Patriots

How much help he'll get will factor in Rob Gronkowski's decision to return to the Patriots in 2019

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How much help he'll get will factor in Rob Gronkowski's decision to return to the Patriots in 2019

Rob Gronkowski is still pondering whether or not he’ll be back for 2019. One of the biggest determining factors: Is anybody going to share the tight-end load with him?

The Patriots officially cut Dwayne Allen Monday, which means the only tight ends on the roster are Gronk and Jacob Hollister. That will change in the course of the offseason, but will it change enough to convince Gronk that he’s not going to be ridden into the ground in 2019?

This past year, Gronk played 838 regular-season snaps and another 246 in the postseason, including 97 against the Chiefs. That's 1,084 all told. In 2017, he played 1,079 between the regular season and playoffs.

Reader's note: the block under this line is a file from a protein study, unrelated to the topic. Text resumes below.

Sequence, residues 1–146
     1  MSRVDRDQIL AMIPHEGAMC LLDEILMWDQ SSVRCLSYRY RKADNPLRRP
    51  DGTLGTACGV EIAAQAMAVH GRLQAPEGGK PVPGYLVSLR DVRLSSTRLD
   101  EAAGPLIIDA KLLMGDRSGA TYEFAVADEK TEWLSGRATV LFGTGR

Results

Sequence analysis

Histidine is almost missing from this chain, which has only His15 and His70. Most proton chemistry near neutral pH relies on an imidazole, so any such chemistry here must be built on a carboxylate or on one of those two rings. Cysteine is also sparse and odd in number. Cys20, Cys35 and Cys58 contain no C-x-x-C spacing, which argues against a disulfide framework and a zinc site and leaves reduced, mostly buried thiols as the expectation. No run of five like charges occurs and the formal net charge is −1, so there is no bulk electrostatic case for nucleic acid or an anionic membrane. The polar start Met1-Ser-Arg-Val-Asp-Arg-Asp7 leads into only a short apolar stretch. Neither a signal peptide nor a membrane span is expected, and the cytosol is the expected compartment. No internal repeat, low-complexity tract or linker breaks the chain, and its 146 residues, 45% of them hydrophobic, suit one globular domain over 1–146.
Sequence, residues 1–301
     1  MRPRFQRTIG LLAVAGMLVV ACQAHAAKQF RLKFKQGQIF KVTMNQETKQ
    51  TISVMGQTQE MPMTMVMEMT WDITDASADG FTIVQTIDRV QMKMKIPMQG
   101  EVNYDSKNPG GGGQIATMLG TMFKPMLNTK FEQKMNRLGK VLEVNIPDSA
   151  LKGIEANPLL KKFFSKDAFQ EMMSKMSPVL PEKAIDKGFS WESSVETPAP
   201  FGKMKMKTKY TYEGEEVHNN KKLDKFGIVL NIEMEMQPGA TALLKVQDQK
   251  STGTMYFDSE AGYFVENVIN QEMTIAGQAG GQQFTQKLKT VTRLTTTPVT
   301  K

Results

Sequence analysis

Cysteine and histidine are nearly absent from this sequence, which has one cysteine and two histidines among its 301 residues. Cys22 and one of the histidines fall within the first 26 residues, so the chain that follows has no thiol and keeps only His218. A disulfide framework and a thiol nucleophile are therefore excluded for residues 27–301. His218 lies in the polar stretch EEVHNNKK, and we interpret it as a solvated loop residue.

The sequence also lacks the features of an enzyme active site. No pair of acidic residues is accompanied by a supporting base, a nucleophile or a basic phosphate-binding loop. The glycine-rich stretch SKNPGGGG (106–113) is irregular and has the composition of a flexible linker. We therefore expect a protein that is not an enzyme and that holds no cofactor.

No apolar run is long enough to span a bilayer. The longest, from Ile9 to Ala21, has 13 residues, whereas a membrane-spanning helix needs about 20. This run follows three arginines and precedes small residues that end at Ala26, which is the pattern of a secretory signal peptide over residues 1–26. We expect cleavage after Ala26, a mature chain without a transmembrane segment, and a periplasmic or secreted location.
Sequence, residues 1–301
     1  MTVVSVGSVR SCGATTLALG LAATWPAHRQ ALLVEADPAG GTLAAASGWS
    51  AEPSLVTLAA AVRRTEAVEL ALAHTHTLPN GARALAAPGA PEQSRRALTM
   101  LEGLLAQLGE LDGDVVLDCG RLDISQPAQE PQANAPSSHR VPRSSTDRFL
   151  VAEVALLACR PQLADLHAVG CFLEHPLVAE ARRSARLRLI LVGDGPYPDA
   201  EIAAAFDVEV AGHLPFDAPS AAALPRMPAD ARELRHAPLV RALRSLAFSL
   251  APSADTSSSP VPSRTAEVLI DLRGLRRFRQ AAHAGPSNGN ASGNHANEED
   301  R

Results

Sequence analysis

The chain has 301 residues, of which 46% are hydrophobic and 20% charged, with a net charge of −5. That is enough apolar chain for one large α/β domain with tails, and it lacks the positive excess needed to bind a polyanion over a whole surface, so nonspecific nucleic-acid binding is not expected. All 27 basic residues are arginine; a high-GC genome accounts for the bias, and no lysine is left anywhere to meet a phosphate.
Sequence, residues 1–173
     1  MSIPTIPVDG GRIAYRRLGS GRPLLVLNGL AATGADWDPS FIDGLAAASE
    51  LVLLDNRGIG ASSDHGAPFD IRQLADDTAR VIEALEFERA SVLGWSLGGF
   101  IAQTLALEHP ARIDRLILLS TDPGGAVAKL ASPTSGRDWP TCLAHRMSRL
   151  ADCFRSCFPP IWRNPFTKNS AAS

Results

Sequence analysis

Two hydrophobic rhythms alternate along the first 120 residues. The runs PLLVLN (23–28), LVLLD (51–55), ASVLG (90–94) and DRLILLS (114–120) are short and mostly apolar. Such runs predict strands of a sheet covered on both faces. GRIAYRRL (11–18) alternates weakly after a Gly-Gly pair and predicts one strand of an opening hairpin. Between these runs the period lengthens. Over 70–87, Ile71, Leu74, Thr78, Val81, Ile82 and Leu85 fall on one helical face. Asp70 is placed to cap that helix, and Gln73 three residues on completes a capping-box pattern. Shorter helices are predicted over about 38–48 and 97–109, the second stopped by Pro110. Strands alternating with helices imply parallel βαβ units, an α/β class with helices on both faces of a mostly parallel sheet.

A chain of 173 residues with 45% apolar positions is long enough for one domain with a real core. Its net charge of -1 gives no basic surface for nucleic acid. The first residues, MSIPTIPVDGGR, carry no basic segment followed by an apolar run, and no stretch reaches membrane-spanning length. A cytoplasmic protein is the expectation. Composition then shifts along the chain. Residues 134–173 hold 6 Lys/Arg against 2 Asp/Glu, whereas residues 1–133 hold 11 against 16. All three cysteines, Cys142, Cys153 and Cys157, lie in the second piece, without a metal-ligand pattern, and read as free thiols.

Every NFL player takes a beating on game days but Gronk’s thrashing is unique in that his job requires him to block like a tackle, run routes like a wideout and take body shots unlike anybody else.

And with the lack of tight-end depth in New England -- Allen and Jacob Hollister were the only other tight ends who saw the field for the Patriots this season -- the pressure was on Gronk every week to get up and do it again.

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The cycle of punishment wore on him, and he acknowledged that at the Super Bowl.

"The season's a grind,” he said in Atlanta. “It's up and down . . . You can take some serious hits . . . Try and imagine getting hit all the time and trying to be where you want to be every day in life. It's tough, it's difficult. To take hits to the thigh, take hits to your head. Abusing your body isn't what your brain wants. When your body is abused, it can bring down your mood. You've got to be able to deal with that, too, throughout the season. You gotta be able to deal with that in the games.